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Mr. Schein wanted to go away with his family for the weekend, but wanted to do so with a budget of $250 for lodgings. Word of mouth led him to Mr. Miller.

“I’ll rent you a house for that price,” said Mr. Miller.


“Great,” said Mr. Schein. He paid Mr. Miller and received the key to the house.

The Scheins arrived Thursday evening and enjoyed the weekend. Sunday afternoon, as they were packing up, a man came. “What are you doing here?” he asked.

“We rented the house for the weekend,” Mr. Schein replied.

“Can’t be,” replied the man. “From whom?”

“From Mr. Miller,” replied Mr. Schein. “What’s the problem?”

“This is my house,” said Mr. Hauser. “Mr. Miller rented you a house that isn’t his! He was here last month and must have copied the key!”

“I charge $500 for this house,” added Mr. Hauser. “Please pay me now.”

“But the price I arranged with Mr. Miller was $250,” replied Mr. Schein.

“I don’t care,” exclaimed Mr. Hauser.

“But even the going rate is only $400,” said Mr. Schein.

“I have no choice but to summon you to a din Torah,” Mr. Hauser said.

The two went before Rabbi Dayan. After hearing both sides, Rabbi Dayan said, “The Gemara [Bava Kamma 21a] states that if someone rents out another’s property, which is intended for rent, the dweller must pay the true owner. The Nimukei Yosef [Bava Kamma 9a] writes that he must pay the going rate even if he had arranged a lower price with the fake owner; he cannot claim that he would not have rented at the going rate.” [Choshen Mishpat 363:10]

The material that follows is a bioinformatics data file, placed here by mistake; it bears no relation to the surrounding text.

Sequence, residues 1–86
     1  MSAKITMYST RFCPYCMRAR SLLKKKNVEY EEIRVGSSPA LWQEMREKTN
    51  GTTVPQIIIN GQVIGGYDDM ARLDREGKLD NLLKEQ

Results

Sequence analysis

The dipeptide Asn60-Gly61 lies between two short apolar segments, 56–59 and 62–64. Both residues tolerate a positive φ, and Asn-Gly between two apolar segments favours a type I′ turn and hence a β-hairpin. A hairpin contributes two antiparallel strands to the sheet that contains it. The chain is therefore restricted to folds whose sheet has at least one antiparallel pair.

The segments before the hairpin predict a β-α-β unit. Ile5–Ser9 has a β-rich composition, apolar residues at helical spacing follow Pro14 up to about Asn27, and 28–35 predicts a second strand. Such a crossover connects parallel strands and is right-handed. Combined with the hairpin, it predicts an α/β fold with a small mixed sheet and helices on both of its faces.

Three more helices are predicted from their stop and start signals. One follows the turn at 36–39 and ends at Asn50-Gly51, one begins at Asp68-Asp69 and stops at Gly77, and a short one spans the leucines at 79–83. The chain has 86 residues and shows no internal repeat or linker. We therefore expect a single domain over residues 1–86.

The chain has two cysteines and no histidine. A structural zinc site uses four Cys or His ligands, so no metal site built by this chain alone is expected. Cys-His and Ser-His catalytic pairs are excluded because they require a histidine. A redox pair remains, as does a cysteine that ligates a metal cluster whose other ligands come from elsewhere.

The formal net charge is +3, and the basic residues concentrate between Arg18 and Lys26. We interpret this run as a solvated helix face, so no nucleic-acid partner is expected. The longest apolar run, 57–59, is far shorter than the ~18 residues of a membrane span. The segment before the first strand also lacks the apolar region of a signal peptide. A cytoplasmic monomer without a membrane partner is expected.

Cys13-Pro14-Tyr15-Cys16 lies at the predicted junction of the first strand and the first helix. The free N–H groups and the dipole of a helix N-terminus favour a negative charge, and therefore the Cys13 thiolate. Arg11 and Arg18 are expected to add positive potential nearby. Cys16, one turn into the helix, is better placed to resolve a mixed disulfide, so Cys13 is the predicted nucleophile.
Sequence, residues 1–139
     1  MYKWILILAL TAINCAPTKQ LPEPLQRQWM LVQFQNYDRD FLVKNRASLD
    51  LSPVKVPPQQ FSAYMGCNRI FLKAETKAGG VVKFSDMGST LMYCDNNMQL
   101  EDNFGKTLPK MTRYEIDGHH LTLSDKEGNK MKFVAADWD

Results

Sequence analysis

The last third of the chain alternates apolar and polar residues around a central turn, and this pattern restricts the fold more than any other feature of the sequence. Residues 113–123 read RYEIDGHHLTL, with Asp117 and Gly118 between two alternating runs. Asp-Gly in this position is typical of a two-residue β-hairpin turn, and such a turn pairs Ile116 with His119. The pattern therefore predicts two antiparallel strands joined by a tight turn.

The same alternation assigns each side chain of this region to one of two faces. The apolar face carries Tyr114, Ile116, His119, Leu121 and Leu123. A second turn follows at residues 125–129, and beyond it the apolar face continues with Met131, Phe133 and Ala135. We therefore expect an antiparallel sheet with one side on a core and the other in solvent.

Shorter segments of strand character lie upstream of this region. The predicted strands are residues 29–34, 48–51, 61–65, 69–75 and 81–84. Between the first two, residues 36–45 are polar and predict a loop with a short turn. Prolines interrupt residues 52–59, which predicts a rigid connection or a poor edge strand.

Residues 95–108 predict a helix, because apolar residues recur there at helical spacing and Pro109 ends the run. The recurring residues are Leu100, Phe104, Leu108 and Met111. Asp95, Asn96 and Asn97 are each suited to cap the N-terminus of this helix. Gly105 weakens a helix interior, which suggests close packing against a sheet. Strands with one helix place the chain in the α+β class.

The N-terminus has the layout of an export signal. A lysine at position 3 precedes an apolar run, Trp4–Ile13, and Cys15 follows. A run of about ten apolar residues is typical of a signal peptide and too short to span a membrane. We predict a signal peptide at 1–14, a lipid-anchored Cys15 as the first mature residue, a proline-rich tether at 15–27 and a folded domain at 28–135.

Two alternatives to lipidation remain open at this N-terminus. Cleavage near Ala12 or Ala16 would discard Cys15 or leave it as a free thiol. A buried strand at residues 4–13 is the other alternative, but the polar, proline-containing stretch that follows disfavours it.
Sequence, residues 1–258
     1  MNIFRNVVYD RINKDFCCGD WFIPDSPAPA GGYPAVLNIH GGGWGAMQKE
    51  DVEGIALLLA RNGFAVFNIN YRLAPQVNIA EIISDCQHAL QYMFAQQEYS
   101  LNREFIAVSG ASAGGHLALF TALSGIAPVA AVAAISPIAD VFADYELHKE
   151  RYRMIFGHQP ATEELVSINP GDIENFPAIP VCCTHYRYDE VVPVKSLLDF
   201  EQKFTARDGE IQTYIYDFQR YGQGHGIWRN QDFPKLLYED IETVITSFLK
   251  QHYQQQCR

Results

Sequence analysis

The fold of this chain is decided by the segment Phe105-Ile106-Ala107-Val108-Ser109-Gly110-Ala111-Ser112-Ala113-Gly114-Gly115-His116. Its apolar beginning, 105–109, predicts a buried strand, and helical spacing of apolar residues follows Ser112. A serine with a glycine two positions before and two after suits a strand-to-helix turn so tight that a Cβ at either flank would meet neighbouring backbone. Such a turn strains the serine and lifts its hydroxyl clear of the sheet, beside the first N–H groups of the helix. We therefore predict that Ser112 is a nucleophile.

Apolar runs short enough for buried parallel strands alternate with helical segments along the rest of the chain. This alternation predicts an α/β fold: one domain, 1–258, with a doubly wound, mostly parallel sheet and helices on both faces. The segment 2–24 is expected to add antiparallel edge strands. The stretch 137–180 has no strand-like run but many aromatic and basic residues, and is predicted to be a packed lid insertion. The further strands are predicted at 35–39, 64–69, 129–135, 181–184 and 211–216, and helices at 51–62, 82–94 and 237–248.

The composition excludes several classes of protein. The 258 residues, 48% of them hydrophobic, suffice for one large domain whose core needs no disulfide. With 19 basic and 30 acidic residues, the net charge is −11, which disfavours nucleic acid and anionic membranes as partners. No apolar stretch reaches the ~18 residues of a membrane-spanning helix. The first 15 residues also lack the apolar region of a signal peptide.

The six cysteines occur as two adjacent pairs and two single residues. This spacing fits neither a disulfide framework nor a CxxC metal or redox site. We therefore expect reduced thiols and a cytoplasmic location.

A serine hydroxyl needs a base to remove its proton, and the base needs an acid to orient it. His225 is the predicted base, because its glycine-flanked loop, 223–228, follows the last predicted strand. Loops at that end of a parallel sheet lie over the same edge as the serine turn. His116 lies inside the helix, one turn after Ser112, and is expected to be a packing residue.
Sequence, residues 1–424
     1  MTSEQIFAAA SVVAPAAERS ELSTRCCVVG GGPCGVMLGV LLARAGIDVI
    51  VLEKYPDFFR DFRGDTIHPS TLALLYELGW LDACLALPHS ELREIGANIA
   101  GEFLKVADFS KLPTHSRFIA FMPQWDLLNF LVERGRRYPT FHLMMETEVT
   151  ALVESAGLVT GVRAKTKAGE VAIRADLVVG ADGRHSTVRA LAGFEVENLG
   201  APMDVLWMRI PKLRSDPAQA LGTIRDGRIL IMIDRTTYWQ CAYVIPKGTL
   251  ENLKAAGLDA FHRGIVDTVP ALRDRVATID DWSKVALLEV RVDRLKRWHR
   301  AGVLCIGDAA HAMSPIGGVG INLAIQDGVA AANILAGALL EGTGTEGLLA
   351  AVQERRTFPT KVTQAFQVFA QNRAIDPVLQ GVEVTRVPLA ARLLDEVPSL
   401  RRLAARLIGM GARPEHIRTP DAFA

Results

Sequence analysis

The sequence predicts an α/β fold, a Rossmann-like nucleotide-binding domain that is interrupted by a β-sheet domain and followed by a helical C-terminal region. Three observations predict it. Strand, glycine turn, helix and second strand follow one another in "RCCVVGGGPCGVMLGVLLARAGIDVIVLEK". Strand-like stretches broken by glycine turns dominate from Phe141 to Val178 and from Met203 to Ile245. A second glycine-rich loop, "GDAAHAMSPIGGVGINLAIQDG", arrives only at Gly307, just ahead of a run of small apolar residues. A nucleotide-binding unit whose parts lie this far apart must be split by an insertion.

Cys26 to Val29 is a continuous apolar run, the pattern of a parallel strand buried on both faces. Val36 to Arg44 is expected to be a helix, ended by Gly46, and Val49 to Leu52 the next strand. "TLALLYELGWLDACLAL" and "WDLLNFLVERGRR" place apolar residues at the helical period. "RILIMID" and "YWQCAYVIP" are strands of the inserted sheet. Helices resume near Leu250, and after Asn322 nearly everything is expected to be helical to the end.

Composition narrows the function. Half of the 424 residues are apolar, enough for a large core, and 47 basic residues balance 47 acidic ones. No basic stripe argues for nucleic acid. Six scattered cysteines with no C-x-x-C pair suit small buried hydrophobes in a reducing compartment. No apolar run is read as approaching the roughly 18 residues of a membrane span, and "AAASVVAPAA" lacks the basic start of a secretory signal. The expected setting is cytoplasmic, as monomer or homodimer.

“Could you please elaborate?” asked Mr. Schein.

“A person cannot rent out a property that is not his! Thus, you essentially dwelled in Mr. Hauser’s property without any arrangement. And in the absence of an arrangement, the dweller pays the going rate – $400 in this case.” [Choshen Mishpat 331:2, 363:6; Pischei Choshen, Sechirus 2:4, 8:4].

“But I never would have paid that price had I known in advance!” objected Mr. Schein. “Why should I have to pay $400?”

“The Ketzos Hashulchan [363:7] poses a similar question, based on the Gemara [Bava Kamma 112a],” replied Rabbi Dayan. “Inheritors, who mistakenly slaughtered an animal that their father had borrowed, pay a discounted price for the animal, not the regular value, since they didn’t expect to pay. Why shouldn’t we apply the same reasoning here?” [Choshen Mishpat 341:4; Sma 341:10]

“What’s the answer?” asked Mr. Schein.

“There are numerous explanations,” replied Rabbi Dayan. “Kehillos Yaakov [Bava Kamma #18] argues that the renter could have verified who the owner was; he can’t be considered as an anuss [forced]. The inheritors, though, had every reason to assume that the animal was their father’s since it was in his possession. Nesivos [363:8] differentiates between a borrower and a renter, who can reclaim payment from the other person and therefore must pay the going rate.” [Pischei Choshen, Geneivah 7:14]


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Rabbi Meir Orlian is a faculty member of the Business Halacha Institute, headed by HaRav Chaim Kohn, a noted dayan. To receive BHI’s free newsletter, Business Weekly, send an e-mail to [email protected]. For questions regarding business halacha issues, or to bring a BHI lecturer to your business or shul, call the confidential hotline at 877-845-8455 or e-mail [email protected].